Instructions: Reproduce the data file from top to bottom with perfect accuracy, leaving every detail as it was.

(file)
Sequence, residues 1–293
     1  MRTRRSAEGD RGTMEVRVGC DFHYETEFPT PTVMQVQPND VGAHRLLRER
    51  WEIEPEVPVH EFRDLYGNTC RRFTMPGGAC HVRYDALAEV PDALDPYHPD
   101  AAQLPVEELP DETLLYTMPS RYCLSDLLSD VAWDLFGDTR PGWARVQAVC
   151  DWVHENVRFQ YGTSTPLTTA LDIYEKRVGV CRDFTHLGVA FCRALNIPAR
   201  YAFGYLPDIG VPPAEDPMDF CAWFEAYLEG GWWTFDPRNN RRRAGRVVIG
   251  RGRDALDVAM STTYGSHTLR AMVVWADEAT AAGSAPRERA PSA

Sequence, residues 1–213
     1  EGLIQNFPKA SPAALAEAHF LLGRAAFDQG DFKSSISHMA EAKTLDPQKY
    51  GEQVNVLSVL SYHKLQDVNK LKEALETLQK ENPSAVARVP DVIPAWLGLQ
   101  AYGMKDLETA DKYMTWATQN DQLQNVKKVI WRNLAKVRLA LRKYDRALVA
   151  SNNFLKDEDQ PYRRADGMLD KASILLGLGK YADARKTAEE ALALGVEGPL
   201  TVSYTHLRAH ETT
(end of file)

Sequence, residues 1–293
     1  MRTRRSAEGD RGTMEVRVGC DFHYETEFPT PTVMQVQPND VGAHRLLRER
    51  WEIEPEVPVH EFRDLYGNTC RRFTMPGGAC HVRYDALAEV PDALDPYHPD
   101  AAQLPVEELP DETLLYTMPS RYCLSDLLSD VAWDLFGDTR PGWARVQAVC
   151  DWVHENVRFQ YGTSTPLTTA LDIYEKRVGV CRDFTHLGVA FCRALNIPAR
   201  YAFGYLPDIG VPPAEDPMDF CAWFEAYLEG GWWTFDPRNN RRRAGRVVIG
   251  RGRDALDVAM STTYGSHTLR AMVVWADEAT AAGSAPRERA PSA

Sequence, residues 1–213
     1  EGLIQNFPKA SPAALAEAHF LLGRAAFDQG DFKSSISHMA EAKTLDPQKY
    51  GEQVNVLSVL SYHKLQDVNK LKEALETLQK ENPSAVARVP DVIPAWLGLQ
   101  AYGMKDLETA DKYMTWATQN DQLQNVKKVI WRNLAKVRLA LRKYDRALVA
   151  SNNFLKDEDQ PYRRADGMLD KASILLGLGK YADARKTAEE ALALGVEGPL
   201  TVSYTHLRAH ETT